As the world watches Ukraine, the US establishment press pumps out pieces on the horrors of contemporary Russia. Meanwhile, the perilous situation for press freedom in China degenerates further. Unlike Russia, China has gone head first into neoliberalism making partnerships with many prominent Wall Street firms like JPMorgan, which apparently has dissipated the more venomous criticism from the US media establishment.
In 2012 China blocked access to the New York Times website after the paper ran an expose about Chinese officials and now Bloomberg News is having it’s own crisis over push back from the Chinese government on reporting political corruption in the country. Have you heard about it?
Ben Richardson has resigned from Bloomberg News after 13 years to protest editors’ handling of an investigative piece reported from China – a story that the bosses feared would get them expelled from the country…
Richardson, who was an editor at large for Asia news (he edited the enterprise stories and columns), writes in an email: “I left Bloomberg because of the way the story was mishandled, and because of how the company made misleading statements in the global press and senior executives disparaged the team that worked so hard to execute an incredibly demanding story.”
Richardson says the “threat of legal action” hangs over his head for speaking out about Bloomberg’s capitulation to the Chinese government so he merely affirmed the truth of other stories on the subject and publicly confirmed that the reason he resigned was the treatment of the story on corruption in the Chinese government.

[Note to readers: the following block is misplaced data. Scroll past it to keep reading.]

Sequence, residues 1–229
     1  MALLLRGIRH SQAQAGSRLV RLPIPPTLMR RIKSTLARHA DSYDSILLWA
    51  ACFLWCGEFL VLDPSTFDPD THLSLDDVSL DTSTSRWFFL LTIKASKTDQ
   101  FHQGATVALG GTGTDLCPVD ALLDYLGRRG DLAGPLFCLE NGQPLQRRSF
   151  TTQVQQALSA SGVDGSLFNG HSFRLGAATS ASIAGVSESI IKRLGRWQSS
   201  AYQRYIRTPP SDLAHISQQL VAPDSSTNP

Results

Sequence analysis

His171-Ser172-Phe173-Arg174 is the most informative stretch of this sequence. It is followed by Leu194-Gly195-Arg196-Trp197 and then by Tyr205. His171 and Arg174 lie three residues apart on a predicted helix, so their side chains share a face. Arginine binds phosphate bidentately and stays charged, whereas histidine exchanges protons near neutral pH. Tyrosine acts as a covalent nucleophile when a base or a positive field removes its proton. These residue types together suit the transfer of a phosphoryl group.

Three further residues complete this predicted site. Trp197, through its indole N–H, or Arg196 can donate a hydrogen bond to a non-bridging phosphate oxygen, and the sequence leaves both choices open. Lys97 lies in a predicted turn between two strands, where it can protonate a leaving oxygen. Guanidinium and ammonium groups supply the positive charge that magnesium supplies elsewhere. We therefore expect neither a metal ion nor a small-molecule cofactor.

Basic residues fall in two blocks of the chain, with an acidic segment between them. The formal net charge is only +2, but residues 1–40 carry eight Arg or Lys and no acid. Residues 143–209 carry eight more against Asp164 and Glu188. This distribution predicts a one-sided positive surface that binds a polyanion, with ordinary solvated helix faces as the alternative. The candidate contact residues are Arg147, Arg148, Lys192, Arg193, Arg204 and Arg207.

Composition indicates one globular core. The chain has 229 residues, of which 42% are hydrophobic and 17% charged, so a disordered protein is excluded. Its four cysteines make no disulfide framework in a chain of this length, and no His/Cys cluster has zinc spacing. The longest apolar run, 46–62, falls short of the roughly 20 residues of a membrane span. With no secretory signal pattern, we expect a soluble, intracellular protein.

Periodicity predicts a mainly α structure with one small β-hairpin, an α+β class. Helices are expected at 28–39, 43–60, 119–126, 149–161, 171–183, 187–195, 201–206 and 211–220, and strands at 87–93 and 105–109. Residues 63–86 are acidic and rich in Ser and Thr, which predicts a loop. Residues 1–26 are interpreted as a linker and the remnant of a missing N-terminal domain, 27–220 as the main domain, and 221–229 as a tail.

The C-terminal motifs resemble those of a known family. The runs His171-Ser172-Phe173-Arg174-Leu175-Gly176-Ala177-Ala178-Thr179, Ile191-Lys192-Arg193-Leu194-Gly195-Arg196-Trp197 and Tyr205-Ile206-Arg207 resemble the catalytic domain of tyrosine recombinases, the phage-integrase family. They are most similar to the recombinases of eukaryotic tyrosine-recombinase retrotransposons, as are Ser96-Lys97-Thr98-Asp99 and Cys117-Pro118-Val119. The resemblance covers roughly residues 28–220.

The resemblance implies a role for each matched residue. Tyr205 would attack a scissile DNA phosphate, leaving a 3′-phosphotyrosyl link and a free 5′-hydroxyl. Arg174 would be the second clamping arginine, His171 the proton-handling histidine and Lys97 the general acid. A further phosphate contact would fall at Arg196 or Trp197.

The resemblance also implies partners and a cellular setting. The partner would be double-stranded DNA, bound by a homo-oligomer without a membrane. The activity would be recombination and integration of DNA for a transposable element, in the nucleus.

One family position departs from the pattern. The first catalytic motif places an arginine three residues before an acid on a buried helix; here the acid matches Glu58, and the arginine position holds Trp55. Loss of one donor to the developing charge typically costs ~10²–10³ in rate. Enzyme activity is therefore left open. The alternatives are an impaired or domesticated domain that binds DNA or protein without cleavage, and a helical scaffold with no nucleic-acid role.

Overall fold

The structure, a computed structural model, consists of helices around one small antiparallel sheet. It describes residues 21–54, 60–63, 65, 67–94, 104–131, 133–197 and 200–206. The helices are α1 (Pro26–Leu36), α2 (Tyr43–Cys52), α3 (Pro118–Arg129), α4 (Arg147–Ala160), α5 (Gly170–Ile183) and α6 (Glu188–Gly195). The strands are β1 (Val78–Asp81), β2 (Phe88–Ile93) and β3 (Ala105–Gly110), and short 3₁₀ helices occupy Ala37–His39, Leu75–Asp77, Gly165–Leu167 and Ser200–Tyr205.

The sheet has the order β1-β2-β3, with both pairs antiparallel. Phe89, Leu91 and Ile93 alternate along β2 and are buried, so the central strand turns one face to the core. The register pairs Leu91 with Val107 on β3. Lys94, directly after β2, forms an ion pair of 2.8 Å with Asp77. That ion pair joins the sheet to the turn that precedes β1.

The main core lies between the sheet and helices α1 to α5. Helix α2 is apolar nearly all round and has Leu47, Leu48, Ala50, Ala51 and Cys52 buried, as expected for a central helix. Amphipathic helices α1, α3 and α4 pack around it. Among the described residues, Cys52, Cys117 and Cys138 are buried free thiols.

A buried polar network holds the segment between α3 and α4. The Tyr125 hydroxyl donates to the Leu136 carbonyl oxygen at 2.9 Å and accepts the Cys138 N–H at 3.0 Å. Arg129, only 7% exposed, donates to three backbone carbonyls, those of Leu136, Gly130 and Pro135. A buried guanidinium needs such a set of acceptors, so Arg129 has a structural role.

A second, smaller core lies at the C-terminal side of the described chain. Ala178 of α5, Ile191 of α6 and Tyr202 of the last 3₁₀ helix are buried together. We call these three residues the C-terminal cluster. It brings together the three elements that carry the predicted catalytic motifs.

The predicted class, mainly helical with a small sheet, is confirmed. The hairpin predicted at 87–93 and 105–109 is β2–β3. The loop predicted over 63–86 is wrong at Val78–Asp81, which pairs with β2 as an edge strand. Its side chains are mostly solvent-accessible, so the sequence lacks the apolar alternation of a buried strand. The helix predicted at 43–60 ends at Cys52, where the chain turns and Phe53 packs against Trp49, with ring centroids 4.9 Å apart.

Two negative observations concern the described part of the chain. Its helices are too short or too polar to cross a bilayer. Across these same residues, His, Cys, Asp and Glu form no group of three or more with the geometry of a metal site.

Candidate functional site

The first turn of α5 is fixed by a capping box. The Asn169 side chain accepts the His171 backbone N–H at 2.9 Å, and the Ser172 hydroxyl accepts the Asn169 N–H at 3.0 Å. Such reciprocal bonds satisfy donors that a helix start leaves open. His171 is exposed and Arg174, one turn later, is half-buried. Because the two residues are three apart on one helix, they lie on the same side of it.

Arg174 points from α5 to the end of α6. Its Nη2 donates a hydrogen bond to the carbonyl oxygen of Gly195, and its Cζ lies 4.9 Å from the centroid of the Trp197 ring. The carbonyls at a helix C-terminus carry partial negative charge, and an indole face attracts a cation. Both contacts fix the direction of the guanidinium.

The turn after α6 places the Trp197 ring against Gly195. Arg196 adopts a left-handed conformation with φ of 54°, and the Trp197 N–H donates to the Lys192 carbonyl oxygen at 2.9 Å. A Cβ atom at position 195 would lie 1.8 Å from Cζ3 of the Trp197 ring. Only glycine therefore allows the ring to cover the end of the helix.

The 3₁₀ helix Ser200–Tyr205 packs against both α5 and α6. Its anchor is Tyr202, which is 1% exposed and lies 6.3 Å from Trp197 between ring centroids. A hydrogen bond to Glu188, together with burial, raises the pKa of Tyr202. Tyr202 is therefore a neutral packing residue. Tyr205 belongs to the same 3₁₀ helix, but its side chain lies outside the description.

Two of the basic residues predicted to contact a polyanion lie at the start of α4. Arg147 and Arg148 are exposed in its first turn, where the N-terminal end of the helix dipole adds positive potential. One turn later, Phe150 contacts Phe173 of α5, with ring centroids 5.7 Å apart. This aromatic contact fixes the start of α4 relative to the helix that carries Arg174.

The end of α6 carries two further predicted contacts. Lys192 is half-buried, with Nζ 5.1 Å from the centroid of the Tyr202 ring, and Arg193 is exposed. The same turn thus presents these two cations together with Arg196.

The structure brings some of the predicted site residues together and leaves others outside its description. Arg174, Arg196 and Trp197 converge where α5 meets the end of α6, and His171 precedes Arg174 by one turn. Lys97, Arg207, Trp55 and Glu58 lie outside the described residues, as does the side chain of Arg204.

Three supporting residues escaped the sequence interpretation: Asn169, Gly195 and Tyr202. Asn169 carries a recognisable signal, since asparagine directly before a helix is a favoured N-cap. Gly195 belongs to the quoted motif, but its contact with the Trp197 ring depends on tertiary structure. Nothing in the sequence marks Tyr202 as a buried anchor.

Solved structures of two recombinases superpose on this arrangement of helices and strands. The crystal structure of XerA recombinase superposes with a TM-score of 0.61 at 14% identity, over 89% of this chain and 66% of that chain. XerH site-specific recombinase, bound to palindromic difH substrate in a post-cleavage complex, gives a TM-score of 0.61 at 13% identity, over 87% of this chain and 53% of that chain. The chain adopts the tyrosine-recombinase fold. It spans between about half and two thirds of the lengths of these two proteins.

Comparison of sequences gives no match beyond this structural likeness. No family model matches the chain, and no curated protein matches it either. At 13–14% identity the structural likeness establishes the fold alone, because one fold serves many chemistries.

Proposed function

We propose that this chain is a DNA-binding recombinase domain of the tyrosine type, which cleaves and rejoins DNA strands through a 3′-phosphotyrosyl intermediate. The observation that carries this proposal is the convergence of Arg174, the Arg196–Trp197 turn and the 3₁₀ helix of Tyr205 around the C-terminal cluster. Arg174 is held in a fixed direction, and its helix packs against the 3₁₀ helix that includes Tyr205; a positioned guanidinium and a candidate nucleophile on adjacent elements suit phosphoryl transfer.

Correspondingly, JPMorgan’s top Chinese Banker, Fang Fang, will be leaving his post thanks to an investigation into JPMorgan’s hiring practices in China. The investigation revolves around the charge that JPMorgan is under investigation for participating in the bribery of Chinese government officials.
JPMorgan Chase & Co’s chief executive for China investment banking, Fang Fang, will leave the firm, according to an internal memo – a departure that comes amid a probe of JPMorgan hiring practices in Asia. The Wall Street Journal, which first reported Fang’s departure, said he had emerged as a key figure for U.S. authorities as they investigate whether the investment bank violated bribery laws by improperly hiring the relatives of well-connected Chinese officials…
Fang has strong ties to the Chinese government, having been appointed to the Chinese People’s Political Consultative Conference in March 2008 for a five year term. Other firms that have come under scrutiny for their hiring practices in Asia include Citigroup, Goldman Sachs and Morgan Stanley.
That’s a lot of money on the table, for the media too. So it would seem that the Chinese leadership won’t face the same scrutiny as those in Russia. It’s just business.
It seems journalists of all backgrounds have a choice in China – ignore political corruption or report the truth and pack your bags.